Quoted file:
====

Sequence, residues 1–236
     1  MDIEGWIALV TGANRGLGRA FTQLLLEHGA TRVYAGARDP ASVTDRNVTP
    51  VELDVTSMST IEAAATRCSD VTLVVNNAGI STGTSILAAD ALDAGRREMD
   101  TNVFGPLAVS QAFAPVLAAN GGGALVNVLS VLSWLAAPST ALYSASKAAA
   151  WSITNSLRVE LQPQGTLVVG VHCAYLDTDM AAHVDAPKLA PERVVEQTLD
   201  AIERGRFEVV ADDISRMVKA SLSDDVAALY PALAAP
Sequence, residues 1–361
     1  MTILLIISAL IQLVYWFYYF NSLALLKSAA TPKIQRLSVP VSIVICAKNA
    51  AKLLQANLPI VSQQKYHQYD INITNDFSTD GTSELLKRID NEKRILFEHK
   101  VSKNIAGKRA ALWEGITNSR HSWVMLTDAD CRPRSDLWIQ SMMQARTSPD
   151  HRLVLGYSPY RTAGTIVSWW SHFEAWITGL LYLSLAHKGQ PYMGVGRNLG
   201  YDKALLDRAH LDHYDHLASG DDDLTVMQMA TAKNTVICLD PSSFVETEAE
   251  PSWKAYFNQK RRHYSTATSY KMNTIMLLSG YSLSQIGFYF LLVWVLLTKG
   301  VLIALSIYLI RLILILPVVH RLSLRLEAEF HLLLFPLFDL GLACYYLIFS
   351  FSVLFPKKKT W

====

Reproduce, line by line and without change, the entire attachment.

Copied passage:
Sequence, residues 1–236
     1  MDIEGWIALV TGANRGLGRA FTQLLLEHGA TRVYAGARDP ASVTDRNVTP
    51  VELDVTSMST IEAAATRCSD VTLVVNNAGI STGTSILAAD ALDAGRREMD
   101  TNVFGPLAVS QAFAPVLAAN GGGALVNVLS VLSWLAAPST ALYSASKAAA
   151  WSITNSLRVE LQPQGTLVVG VHCAYLDTDM AAHVDAPKLA PERVVEQTLD
   201  AIERGRFEVV ADDISRMVKA SLSDDVAALY PALAAP
Sequence, residues 1–361
     1  MTILLIISAL IQLVYWFYYF NSLALLKSAA TPKIQRLSVP VSIVICAKNA
    51  AKLLQANLPI VSQQKYHQYD INITNDFSTD GTSELLKRID NEKRILFEHK
   101  VSKNIAGKRA ALWEGITNSR HSWVMLTDAD CRPRSDLWIQ SMMQARTSPD
   151  HRLVLGYSPY RTAGTIVSWW SHFEAWITGL LYLSLAHKGQ PYMGVGRNLG
   201  YDKALLDRAH LDHYDHLASG DDDLTVMQMA TAKNTVICLD PSSFVETEAE
   251  PSWKAYFNQK RRHYSTATSY KMNTIMLLSG YSLSQIGFYF LLVWVLLTKG
   301  VLIALSIYLI RLILILPVVH RLSLRLEAEF HLLLFPLFDL GLACYYLIFS
   351  FSVLFPKKKT W